Malthusian Relativityι**=7/3ψ
The bend of evolutionary time

Evolution within a niche – the accelerating mass

A selection increase in mass specific metabolism accelerated body mass evolution in horses over millions of years

The data from MacFadden’s (1986) study on fossil horses are maybe the best long-term data for unconstrained body mass evolution within a relatively stable niche. For a time span of 57 million years he lists body mass estimates for the different lineages of fossil horses, and these provide estimates of the rate of change in body mass (dw/dt in kg per million years) as a function of mass (Fig. 1, right). With an estimated dw/dt-exponent of 1.50 (SD: ± 0.17) we find that body mass evolution in fossil horses are spot on the theoretical value of 3/2 for unconstrained 2D evolution in a stable niche (Witting, 2016).

Fig. 1 The lifespan (τ, left) and body mass (w, middle) of fossil horses, as estimated for data provided by McFadden (1986). Fossil horses have a dw/dt-exponent of 1.50 (right) that coincides with a rββ/rα-ratio of infinity, as expected for within niche evolution with optimal resource handling and unconstrained selection on the pre-mass component of mass specific metabolism. From Witting (2016).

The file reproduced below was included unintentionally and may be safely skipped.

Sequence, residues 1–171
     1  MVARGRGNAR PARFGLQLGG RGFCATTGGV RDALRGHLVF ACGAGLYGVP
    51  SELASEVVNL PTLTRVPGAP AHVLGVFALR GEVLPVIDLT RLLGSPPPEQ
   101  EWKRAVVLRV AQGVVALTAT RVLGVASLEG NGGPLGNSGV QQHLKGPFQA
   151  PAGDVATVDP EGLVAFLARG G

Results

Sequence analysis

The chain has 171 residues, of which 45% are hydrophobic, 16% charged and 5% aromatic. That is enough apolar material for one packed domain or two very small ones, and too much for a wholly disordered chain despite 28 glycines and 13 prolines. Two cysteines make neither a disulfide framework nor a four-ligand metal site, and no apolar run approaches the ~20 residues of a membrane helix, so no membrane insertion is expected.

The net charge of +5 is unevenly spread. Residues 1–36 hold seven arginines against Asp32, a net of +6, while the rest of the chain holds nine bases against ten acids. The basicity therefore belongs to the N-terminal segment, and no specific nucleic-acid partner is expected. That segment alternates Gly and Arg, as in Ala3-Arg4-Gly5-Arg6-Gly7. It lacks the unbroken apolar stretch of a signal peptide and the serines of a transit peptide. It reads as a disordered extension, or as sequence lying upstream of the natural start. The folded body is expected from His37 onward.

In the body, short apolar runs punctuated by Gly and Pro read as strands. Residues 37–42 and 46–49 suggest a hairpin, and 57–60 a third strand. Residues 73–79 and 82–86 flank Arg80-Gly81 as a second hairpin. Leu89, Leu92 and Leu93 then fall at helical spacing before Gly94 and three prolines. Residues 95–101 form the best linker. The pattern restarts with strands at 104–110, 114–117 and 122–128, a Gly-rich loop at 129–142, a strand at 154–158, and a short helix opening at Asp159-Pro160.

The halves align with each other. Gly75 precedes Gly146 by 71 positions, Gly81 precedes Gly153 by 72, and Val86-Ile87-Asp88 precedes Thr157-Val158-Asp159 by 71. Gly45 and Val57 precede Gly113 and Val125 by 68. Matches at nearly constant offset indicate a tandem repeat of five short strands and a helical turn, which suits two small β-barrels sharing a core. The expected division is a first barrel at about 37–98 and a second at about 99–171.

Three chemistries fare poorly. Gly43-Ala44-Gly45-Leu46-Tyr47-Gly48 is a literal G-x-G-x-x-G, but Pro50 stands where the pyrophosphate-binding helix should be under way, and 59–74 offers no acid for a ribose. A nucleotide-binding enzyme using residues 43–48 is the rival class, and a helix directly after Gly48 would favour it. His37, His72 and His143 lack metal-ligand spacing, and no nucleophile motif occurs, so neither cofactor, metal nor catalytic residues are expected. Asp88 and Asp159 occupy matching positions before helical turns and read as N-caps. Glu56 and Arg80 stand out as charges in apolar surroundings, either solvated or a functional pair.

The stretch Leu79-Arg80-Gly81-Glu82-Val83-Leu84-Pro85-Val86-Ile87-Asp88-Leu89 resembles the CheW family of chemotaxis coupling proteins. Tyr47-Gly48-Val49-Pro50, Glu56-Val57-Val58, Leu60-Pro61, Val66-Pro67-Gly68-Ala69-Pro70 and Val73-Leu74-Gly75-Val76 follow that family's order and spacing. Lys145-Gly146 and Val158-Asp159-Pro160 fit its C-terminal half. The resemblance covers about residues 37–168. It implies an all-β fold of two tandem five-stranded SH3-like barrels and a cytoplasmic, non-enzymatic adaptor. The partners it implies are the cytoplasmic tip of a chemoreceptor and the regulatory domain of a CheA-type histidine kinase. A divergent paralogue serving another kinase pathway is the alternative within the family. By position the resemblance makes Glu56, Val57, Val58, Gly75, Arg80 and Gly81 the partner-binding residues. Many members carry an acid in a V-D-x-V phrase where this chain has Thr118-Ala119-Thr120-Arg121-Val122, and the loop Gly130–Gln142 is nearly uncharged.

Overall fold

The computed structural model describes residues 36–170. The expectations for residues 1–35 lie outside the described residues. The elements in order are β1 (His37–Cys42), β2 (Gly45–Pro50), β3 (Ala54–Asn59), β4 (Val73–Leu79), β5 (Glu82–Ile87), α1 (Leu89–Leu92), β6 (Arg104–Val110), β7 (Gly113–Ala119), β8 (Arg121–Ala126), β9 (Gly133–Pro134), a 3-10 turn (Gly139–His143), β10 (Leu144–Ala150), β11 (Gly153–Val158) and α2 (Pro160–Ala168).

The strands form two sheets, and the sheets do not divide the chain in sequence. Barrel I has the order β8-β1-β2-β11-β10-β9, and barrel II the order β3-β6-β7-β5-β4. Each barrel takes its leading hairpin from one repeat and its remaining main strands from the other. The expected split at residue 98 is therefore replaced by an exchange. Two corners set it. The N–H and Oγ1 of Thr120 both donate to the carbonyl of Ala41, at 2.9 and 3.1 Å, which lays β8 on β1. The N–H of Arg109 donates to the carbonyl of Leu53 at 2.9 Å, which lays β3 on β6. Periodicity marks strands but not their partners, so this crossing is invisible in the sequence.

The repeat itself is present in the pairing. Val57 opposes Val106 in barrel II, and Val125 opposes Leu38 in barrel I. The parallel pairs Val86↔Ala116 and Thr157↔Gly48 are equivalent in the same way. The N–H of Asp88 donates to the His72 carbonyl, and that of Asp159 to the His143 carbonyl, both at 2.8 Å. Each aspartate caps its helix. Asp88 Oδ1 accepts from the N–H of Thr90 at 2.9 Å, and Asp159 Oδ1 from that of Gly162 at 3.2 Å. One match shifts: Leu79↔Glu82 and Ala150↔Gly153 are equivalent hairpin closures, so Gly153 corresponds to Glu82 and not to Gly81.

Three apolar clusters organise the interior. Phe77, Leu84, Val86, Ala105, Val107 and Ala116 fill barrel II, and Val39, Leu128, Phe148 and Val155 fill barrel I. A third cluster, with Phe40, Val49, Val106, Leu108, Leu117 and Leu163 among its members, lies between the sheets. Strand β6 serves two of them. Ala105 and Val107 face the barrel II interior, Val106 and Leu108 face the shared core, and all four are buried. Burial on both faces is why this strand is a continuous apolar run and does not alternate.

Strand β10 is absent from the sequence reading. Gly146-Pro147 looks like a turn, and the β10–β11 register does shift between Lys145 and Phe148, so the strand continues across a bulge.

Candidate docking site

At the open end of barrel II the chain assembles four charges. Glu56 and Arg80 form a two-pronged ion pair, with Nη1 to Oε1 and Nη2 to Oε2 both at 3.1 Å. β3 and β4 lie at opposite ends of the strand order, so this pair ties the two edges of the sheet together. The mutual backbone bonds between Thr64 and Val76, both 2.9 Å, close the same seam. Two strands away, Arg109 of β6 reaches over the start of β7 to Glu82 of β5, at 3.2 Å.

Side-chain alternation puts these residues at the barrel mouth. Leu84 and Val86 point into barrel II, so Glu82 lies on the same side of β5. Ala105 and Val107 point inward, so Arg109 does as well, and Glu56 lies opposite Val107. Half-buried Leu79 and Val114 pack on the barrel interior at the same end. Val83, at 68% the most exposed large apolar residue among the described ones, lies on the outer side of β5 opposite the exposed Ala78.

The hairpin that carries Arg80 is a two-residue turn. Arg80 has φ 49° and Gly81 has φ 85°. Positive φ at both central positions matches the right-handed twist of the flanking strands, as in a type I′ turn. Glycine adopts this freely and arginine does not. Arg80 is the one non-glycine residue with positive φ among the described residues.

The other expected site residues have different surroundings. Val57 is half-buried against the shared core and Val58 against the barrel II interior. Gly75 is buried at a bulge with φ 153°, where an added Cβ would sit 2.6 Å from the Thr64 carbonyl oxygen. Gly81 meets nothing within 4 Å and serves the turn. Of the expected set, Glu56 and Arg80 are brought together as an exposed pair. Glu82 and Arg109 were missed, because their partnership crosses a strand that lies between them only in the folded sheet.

Given these data we may calculate the life history of the horse backwards for 57 million years (Fig. 1, left). Provided that a 500 kg horse today has a lifespan around 20 years, we calculate that the 25 kg horse that lived 57 million years ago had a lifespan around 90 years. If there had been no selection on process speed, we would still have 25 kg horses that live for 90 years. And if horses had increased their size due to increased resource handling alone, the 500 kg horses of today should live for 200 years.


  • Witting, L. 2016. The natural selection of metabolism bends body mass evolution in time. Preprint at bioRxiv